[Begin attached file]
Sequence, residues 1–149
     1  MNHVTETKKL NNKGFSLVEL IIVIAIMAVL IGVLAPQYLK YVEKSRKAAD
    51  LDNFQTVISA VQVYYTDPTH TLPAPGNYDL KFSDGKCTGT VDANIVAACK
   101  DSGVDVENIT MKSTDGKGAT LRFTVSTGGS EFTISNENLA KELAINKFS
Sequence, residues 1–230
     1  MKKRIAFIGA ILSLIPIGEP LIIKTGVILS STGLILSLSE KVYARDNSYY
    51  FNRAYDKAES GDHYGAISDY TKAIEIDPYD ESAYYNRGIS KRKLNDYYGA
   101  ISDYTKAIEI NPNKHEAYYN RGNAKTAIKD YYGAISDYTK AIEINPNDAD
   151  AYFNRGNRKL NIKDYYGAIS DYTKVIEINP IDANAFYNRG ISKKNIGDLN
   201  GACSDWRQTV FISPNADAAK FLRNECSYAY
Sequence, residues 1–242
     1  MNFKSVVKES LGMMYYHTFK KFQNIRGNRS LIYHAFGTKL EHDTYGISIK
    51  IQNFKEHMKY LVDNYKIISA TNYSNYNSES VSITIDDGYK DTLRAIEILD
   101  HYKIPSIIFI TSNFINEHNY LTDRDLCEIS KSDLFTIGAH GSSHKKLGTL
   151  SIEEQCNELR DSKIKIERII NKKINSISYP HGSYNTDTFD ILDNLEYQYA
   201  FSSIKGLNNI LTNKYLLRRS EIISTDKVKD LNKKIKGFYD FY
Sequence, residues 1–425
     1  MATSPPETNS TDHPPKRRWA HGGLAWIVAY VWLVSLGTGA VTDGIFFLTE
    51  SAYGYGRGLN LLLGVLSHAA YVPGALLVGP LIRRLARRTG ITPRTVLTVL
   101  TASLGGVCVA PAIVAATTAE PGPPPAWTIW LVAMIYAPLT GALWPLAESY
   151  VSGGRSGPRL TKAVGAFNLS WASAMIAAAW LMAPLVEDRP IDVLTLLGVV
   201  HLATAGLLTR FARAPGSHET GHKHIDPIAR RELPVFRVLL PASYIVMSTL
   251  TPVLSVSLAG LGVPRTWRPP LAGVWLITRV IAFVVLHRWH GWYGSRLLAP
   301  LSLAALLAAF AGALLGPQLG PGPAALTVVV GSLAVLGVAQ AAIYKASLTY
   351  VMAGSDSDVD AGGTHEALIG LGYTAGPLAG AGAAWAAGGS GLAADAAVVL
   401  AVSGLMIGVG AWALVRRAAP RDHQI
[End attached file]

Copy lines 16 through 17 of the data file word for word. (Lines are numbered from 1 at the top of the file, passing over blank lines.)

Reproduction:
   201  FSSIKGLNNI LTNKYLLRRS EIISTDKVKD LNKKIKGFYD FY
Sequence, residues 1–425